Is Your Gut Keeping You Awake at Night?

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Dr Peter Dingle reports on the microbiota gut brain axis

The gut microbiome and our digestive system is inextricably linked to human health and disease. Already we know there is a 2-way (bidirectional) communication pathway between the gut and different organs throughout the body including skeletal muscle, liver, bone and the brain. The gut-brain communication is carried out through the nervous system in particular the vagal nerve, as well as through the hormonal and immune system, all of which may be affected by the health of the gut microbiota. The importance of the microbiota-gut-brain axis is highlighted by studies linking dysbiosis or dysregulation of the gut microbiota to Parkinson’s disease, autism, increased anxiety and depression, decreased cognitive abilities as well as altered behavioural patterns and sleep.

Short sleep duration and poor sleep quality have also been associated with several aspects of cognitive and neurobehavioural performance, and several diseases including cancer, type II diabetes, and Alzheimer’s disease. Sleep also regulates mood, supports learning, and clears metabolic waste from the brain (hence one of the links with poor sleep and Alzheimer’s). 

Sleep has been shown to be intrinsically linked to the immune system and growing evidence suggests that the gut microbiota, which impacts our immune system, can influence our sleep quality. In addition, our sleep is regulated by our normal bodily processes and our circadian rhythm, which also appears to be related to the gut microbiome composition. Emerging studies have shown that the gut microbiota and its metabolites exhibit daily fluctuations and exhibit their own circadian rhythms, which predominantly respond to our eating habits.

Our gut microbial metabolites influence our central and liver clock and sleep duration. They are all connected.

In support of this the research shows that metabolic disturbances associated with sleep loss may in fact be mediated through the overgrowth of specific gut bacteria and create a state of gut dysbiosis. Reciprocally, bacterial by-products from bacterial species which grow in response to sleep loss are able to induce fatigue. 

Studies on mice without any gut microbiota (germ-free) have been shown to have very different sleep patterns compared with conventionally-raised mice with normal gut microbiota. While, human patients with obstructive sleep apnea harbour lower quantities of bacteria which produce short-chain fatty acid (e.g., butyrate) derived from fermentation of dietary fibres. Moreover, in a study of just two nights of partial sleep deprivation in human subjects increased gut microbiome dysbiosis associated with metabolic risk.  While, in another study of 28 healthy young subjects, self-reported sleep quality was positively associated with gut microbial diversity as well as a positive association between sleep quality.1 Indicating that consuming the right types of butyrate producing fibre and prebiotics can improve sleep quality.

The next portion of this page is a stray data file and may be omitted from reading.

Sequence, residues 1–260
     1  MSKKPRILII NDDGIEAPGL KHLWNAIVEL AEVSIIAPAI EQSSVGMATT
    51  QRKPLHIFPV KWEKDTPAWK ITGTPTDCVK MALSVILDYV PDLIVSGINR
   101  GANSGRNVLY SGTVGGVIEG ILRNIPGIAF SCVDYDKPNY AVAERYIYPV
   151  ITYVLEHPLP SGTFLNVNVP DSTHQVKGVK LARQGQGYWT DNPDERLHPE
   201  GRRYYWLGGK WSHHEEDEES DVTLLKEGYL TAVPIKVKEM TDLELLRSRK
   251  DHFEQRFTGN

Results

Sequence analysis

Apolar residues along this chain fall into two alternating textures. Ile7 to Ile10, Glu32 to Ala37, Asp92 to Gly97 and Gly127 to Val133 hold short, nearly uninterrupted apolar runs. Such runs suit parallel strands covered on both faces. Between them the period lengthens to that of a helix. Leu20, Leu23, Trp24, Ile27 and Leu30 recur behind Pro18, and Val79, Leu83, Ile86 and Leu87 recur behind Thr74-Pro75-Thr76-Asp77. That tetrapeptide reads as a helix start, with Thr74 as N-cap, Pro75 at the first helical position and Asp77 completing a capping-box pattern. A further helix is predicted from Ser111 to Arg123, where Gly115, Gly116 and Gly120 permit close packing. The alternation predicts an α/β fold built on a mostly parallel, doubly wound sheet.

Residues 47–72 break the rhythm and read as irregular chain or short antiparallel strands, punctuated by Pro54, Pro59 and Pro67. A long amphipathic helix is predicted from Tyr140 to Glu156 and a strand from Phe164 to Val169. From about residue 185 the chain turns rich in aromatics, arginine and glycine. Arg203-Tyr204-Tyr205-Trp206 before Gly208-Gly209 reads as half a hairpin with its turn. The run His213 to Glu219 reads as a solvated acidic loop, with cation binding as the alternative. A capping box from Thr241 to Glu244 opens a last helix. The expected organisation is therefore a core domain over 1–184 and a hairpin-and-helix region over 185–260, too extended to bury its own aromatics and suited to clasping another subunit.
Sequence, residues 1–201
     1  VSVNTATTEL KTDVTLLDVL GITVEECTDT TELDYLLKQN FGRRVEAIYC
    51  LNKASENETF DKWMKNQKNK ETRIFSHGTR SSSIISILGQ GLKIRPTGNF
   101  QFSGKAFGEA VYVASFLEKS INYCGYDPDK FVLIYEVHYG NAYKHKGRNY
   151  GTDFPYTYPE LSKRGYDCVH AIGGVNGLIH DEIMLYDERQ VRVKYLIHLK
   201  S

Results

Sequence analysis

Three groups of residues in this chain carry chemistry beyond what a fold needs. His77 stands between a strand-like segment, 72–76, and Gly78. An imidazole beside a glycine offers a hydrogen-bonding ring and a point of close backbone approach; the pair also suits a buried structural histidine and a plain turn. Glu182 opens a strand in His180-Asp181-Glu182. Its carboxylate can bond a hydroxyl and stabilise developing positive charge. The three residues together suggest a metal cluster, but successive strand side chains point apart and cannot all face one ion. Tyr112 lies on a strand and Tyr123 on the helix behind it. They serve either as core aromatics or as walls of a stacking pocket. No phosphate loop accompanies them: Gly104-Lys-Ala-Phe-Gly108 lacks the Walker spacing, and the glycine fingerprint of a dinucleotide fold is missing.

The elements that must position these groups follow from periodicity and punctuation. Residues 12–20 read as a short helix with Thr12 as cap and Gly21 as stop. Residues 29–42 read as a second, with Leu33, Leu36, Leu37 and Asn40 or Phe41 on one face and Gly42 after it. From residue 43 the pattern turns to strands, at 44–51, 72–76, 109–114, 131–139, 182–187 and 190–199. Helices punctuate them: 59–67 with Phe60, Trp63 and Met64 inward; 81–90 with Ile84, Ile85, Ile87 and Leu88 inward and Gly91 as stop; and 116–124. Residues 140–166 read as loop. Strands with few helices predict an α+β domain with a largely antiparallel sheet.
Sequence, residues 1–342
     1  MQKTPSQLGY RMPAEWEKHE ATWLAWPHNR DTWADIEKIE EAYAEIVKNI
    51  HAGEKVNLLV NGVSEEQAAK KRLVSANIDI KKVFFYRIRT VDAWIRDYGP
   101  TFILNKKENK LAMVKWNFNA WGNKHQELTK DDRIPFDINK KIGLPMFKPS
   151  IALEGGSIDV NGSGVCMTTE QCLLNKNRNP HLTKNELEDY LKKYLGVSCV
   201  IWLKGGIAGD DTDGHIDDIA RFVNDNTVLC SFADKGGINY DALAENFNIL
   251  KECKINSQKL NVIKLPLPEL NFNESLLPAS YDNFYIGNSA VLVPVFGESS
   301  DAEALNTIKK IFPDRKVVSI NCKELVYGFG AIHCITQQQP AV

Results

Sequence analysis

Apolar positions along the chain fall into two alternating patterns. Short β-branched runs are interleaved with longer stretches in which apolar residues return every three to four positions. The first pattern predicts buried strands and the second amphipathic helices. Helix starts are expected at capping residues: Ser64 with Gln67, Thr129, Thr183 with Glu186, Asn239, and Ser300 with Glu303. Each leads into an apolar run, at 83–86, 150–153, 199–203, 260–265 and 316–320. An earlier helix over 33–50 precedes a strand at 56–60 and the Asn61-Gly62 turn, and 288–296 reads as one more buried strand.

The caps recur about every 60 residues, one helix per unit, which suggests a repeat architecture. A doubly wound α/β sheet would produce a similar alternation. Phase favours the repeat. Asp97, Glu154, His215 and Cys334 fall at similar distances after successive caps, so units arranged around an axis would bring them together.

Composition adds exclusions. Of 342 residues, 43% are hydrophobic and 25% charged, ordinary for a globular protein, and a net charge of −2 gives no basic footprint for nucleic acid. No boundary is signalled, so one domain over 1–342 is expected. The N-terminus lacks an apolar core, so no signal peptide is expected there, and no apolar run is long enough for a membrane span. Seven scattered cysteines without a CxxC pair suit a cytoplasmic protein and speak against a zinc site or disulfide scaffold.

In one study they found that microbiota diversity was positively correlated with increased sleep efficiency and total sleep time. The greater the microbial diversity in the gut the better the sleep. They also found a positive correlation between total microbiome diversity and the chemical messenger called interleukin-6, a cytokine previously noted for its effects on sleep2.

It appears that these chemical messengers, represent a potential critical link between sleep and our gut microbiome composition. The cytokines IL-1β (cytokine interleukin) and IL-6 in particular, are strongly associated with sleep. IL-1β is a major factor which can induce sleep. In fact administration of IL-1β in human and other animals increases spontaneous sleep and fatigue. 

Collectively, these findings highlight a significant relationship between the gut microbiome and its metabolites with sleep. Furthermore, probiotic and prebiotic supplementation has been found to improve subjective sleep quality and visa-versa sleep quality and duration may be an important target for supporting healthy gut microbiota composition3. 

For more information visit Dr Dingle’s membership program or our current presentations and talks.

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References

Sleep Med. Author manuscript; available in PMC 2021 Sep 1. Sleep Med. 2020 Sep; 73: 76–81.  doi: 10.1016/j.sleep.2020.04.013 PMCID: PMC7487045 NIHMSID: NIHMS1587155 PMID: 32795890 Self-Reported Sleep Quality Is Associated With Gut Microbiome Composition in Young, Healthy Individuals: A Pilot Study Gregory J. Grosicki,1 Bryan L. Riemann,1 Andrew A. Flatt,1 Taylor Valentino,2 and Michael S. Lustgarten3

PLoS One. 2019; 14(10): e0222394. Published online 2019 Oct 7. doi: 10.1371/journal.pone.0222394 PMCID: PMC6779243 PMID: 31589627 Gut microbiome diversity is associated with sleep physiology in humans. Robert P. SmithCole Easson, et al 

3 Sleep Med Rev . 2020 Oct;53:101340. doi: 10.1016/j.smrv.2020.101340. Epub 2020 May 13. Sleep, circadian rhythm, and gut microbiota Brittany A Matenchuk  1 Piush J Mandhane  1 Anita L Kozyrskyj . PMID: 32668369 DOI: 10.1016/j.smrv.2020.101340 

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